John Maxey
Welbeck Abbey
The Monastery at Welbeck began in 1143 during the reign of King Stephen who confirmed
the gift which Ralph de Bellafago made to God and the church of St James at Welbeck.
Richard de Flemmyng gave money to the abbey and later so did Thomas de Cuckney,
whose charter reads: ‘To Roger, by the grace of God, Archbishop of York, from Thomas de
Cuckney, son of Richard. Know that I have given and grant to Lord Berrengar, Abbot of
Welbeck unto all his successors, and to the brethren of the same place therein according to
the order of Premonstratensians regularly serving God, … the place of their abbey’. The
Premonstratensian order had been created in Germany and believed in absolute self-denial.
The monks became known as the white canons of Welbeck. The abbey owned land in
Nottinghamshire, Derbyshire and Lincolnshire. It also raised money through the sale of
wool and coal. Welbeck was a very isolated place, deep in Sherwood Forest, but it was
not always peaceful.
On one occasion the abbey came under serious investigation by Richard II. In the Patent
Rolls of 11 February 1393 it states: ‘Pardon to William Broun of Norton by Welbeck of suit
of the King’s peace for felonies, treasons and other offences under the following
circumstances: Robert Veel, keeper of the rolls [or records] of the King’s Bench, and John
Wynchecombe, appointed by the king to take carts for the carriage of the rolls, being
directed on Saturday before the feast of St Katherine last by Walter Clopton, Chief Justice,
and other justices to carry the said rolls from York to Nottingham, where upon by reason
of excessive rainfall affecting the roads, they could not without additional horses reach
Nottingham, where upon by virtue of their commission and the justices’ order they took at
Norton aforesaid two horses of John Levet and John Turnour of Norton, to be paid for in
due course. There upon the said William Broun, John Northeryn, Robert Bocher, all of
Norton, and Hugh Matt, servant of John Baukwell, Abbot of Welbeck, with divers other evil
doers came armed with bows and arrows, sticks and swords, and at dusk of the same
day raised all the men of Norton to insurrection, pursued the said Robert and John to
Warsop and instigated by Simon de Castleton, canon of Welbeck, and John Worsop, vicar
of Cuckney and canon of Welbeck, assaulted them, shot at and pierced the books in the
carriage and took the horses, and would have carried the same away but that by the grace
of God and their help they made too good a defence’.
Remains of the monastic buildings
at Welbeck Abbey2
In 1482 Abbot William Burton was dismissed because: ’He has squandered the abbey’s
goods both moveable and immovable, allowed the buildings to collapse through want of
repair and let out land and tithes to local rich men. He has sold timber and all the oxen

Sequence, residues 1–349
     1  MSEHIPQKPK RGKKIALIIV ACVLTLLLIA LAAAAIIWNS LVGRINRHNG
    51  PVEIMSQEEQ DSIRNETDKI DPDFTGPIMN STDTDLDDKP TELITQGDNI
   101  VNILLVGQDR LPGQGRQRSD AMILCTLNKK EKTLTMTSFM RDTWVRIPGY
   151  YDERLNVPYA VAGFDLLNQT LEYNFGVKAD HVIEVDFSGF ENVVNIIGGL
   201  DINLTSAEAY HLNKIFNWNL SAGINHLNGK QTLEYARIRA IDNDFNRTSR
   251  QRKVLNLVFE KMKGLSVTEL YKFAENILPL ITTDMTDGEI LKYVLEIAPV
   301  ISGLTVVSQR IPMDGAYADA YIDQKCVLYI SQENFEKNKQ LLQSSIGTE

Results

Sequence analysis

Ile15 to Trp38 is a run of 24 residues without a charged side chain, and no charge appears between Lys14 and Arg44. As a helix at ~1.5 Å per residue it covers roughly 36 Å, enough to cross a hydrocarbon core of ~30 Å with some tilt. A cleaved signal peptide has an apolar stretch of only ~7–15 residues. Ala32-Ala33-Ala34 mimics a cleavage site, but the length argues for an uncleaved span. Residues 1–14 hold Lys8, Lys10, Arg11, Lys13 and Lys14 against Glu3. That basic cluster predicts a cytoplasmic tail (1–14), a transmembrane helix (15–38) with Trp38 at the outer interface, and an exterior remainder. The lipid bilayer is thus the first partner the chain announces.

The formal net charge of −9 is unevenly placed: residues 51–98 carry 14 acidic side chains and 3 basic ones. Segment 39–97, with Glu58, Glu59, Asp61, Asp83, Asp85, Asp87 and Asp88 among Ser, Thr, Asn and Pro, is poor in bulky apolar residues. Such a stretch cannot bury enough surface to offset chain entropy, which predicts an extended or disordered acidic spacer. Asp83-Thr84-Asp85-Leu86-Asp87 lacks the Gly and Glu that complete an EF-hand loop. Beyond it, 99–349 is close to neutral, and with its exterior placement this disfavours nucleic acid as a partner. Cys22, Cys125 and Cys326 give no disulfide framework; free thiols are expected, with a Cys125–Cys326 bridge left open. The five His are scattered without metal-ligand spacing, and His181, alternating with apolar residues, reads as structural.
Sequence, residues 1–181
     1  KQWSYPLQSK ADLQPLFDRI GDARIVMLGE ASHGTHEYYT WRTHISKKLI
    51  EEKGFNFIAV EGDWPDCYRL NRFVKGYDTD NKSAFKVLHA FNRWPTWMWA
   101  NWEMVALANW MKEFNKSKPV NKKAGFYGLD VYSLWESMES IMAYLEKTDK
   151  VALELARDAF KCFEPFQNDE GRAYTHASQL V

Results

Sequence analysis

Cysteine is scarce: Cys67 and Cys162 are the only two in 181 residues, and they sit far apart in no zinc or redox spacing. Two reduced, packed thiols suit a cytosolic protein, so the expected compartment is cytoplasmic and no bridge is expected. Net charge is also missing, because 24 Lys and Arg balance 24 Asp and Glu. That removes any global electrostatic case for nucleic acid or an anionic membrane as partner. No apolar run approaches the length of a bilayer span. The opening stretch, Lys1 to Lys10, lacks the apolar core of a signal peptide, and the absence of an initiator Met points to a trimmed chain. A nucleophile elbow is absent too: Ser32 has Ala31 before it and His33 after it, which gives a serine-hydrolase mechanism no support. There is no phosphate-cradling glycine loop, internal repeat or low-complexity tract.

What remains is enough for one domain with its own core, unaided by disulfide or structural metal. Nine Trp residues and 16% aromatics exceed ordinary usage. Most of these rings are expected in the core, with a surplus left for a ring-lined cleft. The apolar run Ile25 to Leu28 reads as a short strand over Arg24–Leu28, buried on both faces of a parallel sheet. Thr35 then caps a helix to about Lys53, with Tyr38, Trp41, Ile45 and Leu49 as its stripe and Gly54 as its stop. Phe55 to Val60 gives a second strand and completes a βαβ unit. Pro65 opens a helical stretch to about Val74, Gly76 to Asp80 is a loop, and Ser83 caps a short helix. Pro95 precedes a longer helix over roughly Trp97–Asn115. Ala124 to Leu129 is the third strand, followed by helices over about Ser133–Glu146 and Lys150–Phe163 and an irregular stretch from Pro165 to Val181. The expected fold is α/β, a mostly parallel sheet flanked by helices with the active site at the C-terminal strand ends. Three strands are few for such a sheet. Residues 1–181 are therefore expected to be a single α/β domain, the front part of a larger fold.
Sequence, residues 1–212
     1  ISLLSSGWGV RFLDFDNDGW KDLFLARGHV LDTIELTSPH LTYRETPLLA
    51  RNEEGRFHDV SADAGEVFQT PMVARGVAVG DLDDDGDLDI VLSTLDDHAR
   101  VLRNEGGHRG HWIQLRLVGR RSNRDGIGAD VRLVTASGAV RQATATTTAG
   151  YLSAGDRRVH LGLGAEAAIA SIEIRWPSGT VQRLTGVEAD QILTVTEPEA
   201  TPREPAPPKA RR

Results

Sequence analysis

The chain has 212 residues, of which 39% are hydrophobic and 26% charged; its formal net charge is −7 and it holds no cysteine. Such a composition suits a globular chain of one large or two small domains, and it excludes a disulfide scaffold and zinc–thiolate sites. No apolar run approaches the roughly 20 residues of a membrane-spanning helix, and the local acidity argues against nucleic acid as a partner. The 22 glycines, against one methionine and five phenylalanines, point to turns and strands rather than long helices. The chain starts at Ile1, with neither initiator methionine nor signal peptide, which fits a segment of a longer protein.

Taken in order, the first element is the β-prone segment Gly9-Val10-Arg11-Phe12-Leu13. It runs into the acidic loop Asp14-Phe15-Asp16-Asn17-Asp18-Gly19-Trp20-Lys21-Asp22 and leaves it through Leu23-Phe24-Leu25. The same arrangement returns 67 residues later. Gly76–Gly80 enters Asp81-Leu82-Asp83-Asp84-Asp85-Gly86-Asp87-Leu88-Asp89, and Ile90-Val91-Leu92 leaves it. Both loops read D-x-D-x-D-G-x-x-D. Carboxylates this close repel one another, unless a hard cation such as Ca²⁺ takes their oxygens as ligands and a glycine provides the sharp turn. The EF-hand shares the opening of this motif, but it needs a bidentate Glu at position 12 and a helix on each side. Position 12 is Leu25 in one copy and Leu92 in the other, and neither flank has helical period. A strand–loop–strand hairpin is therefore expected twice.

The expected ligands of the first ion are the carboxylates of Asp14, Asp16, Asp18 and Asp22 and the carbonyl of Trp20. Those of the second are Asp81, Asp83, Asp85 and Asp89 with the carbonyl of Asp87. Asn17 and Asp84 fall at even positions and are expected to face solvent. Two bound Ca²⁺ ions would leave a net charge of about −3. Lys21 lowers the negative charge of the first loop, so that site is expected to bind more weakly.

and sheep and pawned the abbey’s plate leaving not one silver dish or salt cellar to place
before guests. Even the abbey’s services have suffered, there being no candles, oil or
wine without which it is impossible to celebrate mass. All this he has done in order to
finance his gambling which he carries on night and day in the company of disreputable
people. In addition, he is living with several women in fornicating relationships, out of
which he has begotten several children who have been raised at the abbey’s expense’. He
was sentenced to 10 years’ exile but within a year he had been recalled to the abbey and
became the vicar of Cuckney. Little more is known about the abbey until the 16
A plan of the abbey Doorway to the west cloisters
On 21 September 1533 John Maxey, Abbot of Welbeck, wrote to Thomas Cromwell
about the impending dissolution of the monastery: ‘I send you your poor fee. I received
your letters dated 5 September by your chaplain, Richard West, and according to your
desire, I send you a good bay gelding, the best I have. At our next meeting I will further
show you my mind concerning religion. I hear that in the Lower House an Act has been
conceived touching vicars, from which no man can obtain any advantage except the
Bishop. My religion was mostly founded on spiritualities, and if vicars are called home,
and their benefices given to secular priests, it would undo the third part of our houses.
By the Pope’s bulls and the King’s grants, we may give our vicarages to our religious
brethren. Welbeck. St Matthew’s Day’.
By the time of the dissolution, John Maxey had died and ‘Richard, Abbot of the
monastery of the Blessed Virgin and St James the Apostle of Welbeck of the
Premonstratensian Order and the convent there, surrendered the said monastery and all
its possessions to King Henry VIII by a writing under their common seal bearing the date
in their chapter house the 20
June, 1538’. The abbot, Richard Bentley was awarded a
pension of £50, and the 17 canons received pensions of between £40 and £4 a year.
After the dissolution Welbeck Abbey was granted to Richard Whalley in 1539. He sold
the property to Gilbert Talbot, 7
Earl of Shrewsbury for £555 6s 6d in 1599. It was
described at this time by Talbot’s valuers: ‘There is a fair house having been an Abbey,
a gatehouse with a part and other grounds adjoining’. Part of the west range of the
cloisters remain in the basement and more survived until rebuilding took place in 1750

Welbeck Abbey

John Maxey, 1520, died 1536


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